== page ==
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I love the little ridges! These reminded me of Alf.
ALF Season 1

Pour in most of the Pecorino cheese, keeping a few pinches for serving. Scoop ¼ Cup of reserved pasta water and stir into the mixture.
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Remove from heat and season with salt and pepper to taste. Serve the gnocchi on 2 dishes, topped with a fried squash blossom each. Sprinkle with the remaining Pecorino cheese.
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Once I scooped out what I felt was two servings, there was about one serving left in the pan. I was underserving because my husband and I had snacked beforehand, and were eating a salad as well. For once, I was content with the quantity of food that came out. And the taste was wonderful. The lemon flavor really shined, balanced by the salty cheese, and the tender gnocchi and zucchini created a very pleasant mouthfeel. I would have liked to see the fried blossoms come out crispier; improvements could be made to the batter. This will be a great recipe to return to when the squash blossoms are harvested here in New York!

Blue Apron Rating (on a scale of 1-5):
Ordering: 2
Packaging: 4
Ingredients (freshness): 3
Recipe accuracy (quantities, ratios): 4
Instructions: 4
Recipe uniqueness: 4
Accuracy of portion sizing: 4
Taste: 5

The Urge to Preserve

I started to feel the impending change of season press upon me.

The weather certainly wasn’t providing any hints, as I was enveloped by hot, wet, soupy air all last weekend. I did notice brown and orange leaves start to accumulate around the edges of the streets in my neighborhood. It was the obvious things: all of a sudden, Labor Day passed, beaches closed, schools started back in session, and I was reminded that, being September, we are only one month away from October, the month it first SNOWED last year.

Fortunately, it is possible to capture the lushness of summer in a tupperware container! I long to keep the excitement of my garden treasures alive. Call it the urge to preserve.

Cue the whir of the food processor.

Bunches of my healthy basil plant and flourishing parsley plants in hand, it was time to make some sauces and condiments.
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Basil Pesto
Parsley Pesto
Fromage Fort

Pesto is one of the very few “recipes” I pretty much have memorized, and/or feel comfortable adjusting by taste and feel. It all started with a recipe Matt and I received from a cooking class put on at a now-closed local Viking Cooking School location.

Basil Pesto
From Viking Cooking School’s recipe packet for a Breads and Pizzas class
Makes about 1 Cup

1 large clove garlic, or to taste, peeled
1/4 Cup pine nuts
2 ounces/approx 1/4 Cup packed Parmigiano-Reggiano cheese
, finely grated
1/2 teaspoon kosher salt (to taste)
1/2 teaspoon freshly ground black pepper (to taste)
2 Cups (packed) fresh basil
1/4-1/3 Cup extra-virgin olive oil
should be plenty

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Toast the pine nuts by putting them in a 350 degree oven for just a few minutes, watching closely and shaking the pan after the first minute or two. This can also be done in a dry cast iron or saute pan over medium heat, stirring constantly. Pine nuts will continue to brown if they sit in a hot pan.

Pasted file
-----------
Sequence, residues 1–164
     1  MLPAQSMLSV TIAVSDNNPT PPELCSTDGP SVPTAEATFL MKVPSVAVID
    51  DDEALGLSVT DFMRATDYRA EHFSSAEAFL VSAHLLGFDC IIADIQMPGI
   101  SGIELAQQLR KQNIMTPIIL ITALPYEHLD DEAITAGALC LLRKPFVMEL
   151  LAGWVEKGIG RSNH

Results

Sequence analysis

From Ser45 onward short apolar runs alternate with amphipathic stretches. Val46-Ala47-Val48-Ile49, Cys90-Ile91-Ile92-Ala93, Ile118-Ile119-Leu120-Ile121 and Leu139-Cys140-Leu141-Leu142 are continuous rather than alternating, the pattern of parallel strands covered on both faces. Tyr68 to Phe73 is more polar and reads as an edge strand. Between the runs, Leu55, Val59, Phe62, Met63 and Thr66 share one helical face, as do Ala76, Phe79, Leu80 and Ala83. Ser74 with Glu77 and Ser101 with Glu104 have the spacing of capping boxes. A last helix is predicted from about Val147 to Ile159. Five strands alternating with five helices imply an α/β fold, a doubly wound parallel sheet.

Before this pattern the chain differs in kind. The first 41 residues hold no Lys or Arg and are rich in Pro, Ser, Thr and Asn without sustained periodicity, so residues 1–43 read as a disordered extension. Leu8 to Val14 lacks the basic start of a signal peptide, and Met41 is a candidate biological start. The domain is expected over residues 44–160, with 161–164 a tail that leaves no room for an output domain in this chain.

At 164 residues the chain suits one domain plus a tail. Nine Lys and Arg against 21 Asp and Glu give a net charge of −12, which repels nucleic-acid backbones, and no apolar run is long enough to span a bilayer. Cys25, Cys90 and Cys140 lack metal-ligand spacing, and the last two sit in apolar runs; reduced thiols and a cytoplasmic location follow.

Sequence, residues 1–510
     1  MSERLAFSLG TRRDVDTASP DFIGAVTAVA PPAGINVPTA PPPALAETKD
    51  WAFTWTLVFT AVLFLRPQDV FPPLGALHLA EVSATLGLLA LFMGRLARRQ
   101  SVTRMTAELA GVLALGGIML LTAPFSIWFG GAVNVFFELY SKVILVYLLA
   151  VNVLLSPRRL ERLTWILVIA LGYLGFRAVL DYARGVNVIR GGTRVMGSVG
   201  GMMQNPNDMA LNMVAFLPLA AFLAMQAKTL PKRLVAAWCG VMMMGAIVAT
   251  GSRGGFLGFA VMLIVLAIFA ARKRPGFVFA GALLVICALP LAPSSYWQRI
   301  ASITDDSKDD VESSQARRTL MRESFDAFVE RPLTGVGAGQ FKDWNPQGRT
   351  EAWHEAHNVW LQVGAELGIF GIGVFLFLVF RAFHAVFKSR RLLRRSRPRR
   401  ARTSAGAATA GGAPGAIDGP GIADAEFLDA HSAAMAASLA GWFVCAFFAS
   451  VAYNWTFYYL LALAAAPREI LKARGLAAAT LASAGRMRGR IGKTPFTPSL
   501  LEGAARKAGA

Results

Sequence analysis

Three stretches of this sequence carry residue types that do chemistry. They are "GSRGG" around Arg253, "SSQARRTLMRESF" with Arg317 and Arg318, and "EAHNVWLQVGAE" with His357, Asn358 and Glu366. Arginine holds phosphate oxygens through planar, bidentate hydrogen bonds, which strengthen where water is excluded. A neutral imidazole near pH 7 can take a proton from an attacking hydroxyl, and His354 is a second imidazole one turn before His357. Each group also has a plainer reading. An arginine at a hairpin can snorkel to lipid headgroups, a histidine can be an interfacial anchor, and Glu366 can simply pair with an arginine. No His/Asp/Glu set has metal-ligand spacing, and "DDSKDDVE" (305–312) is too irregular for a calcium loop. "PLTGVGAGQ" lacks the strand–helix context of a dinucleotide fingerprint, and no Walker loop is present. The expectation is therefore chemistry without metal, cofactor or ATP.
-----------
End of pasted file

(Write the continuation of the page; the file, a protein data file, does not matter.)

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Combine garlic, pine nuts, cheese, salt and pepper in a food processor and pulse to make a paste.
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Add basil and pulse.
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Drizzle in olive oil gradually, ideally with the motor running, until pesto reaches desired smooth consistency. Taste and adjust seasoning.
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Basil doesn’t retain its green color in pesto, when exposed to the air, so the best plan is to drizzle extra olive oil on top and put plastic wrap directly on the surface before refrigerating or freezing (it still tastes fine when it darkens). Pesto is both flavor and calorie rich, so I usually only use a little at time, which I can snag from the frozen container.
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While I was at it with the processing, I needed to deal with the variety of cheese cubes I bought on a whim at Fairway. (I swear, I have gotten much better about resisting the urge to impulse buy.) Cheese is one of those things that lasts a long time, making it easy for you to forget to use before it is too late. Fortunately, you can make something called Fromage Fort, a cheese spread, to transform the old cheese into something desirable for another week or so, and even use it for entertaining.
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Fromage Fort
From Alton Brown via Food Network online

1 pound left-over cheese, (cheddar, parmesan, ricotta, provolone, fontina, mozzarella, stinky blue cheeses all work*) at room temperature
1/4 cup dry white wine
3 tablespoons unsalted butter
, softened
2 tablespoons fresh parsley leaves
1 small clove garlic

Grate hard cheeses and cut others into 1/2-inch cubes. Place cheese, wine, butter, herbs, and garlic in a food processor and blend until smooth, approximately 2 minutes. Serve immediately or refrigerate for at least 1 hour for a firmer consistency. Store in the refrigerator; consume within a week (no problem!).
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*I used 5 ounces of ricotta, 7 ounces of the miscellaneous cubes that were probably in the gouda and ricotta salata families, and 6 ounce of Wisconsin extra sharp cheddar. It was beyond delicious, especially broiled on some sourdough toast.

Parsley Almond Pesto
Adapted from Food and Wine

1 clove garlic
1 1/2 Cups lightly packed flat-leaf parsley
with thick stems removed
1/4-1/2 teaspoon salt
1/3 Cup olive oil
1/3 Cup unsalted almonds

Puree garlic and parsley with the salt in food processor. Drizzle olive oil in gradually, ideally with the machine running. Add the almonds and pulse to chop.
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This can be saved in the same way as the basil pesto. However, it keeps its bright green flavor much better in the refrigerator.

I served this with gnocchi I made from the King Arthur Flour website.
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and a recipe that served gnocchi with zucchini and tomatoes but substituted in the parsley pesto:

Recognize those tomatoes yet?

Recognize those tomatoes yet?


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I can still taste summer!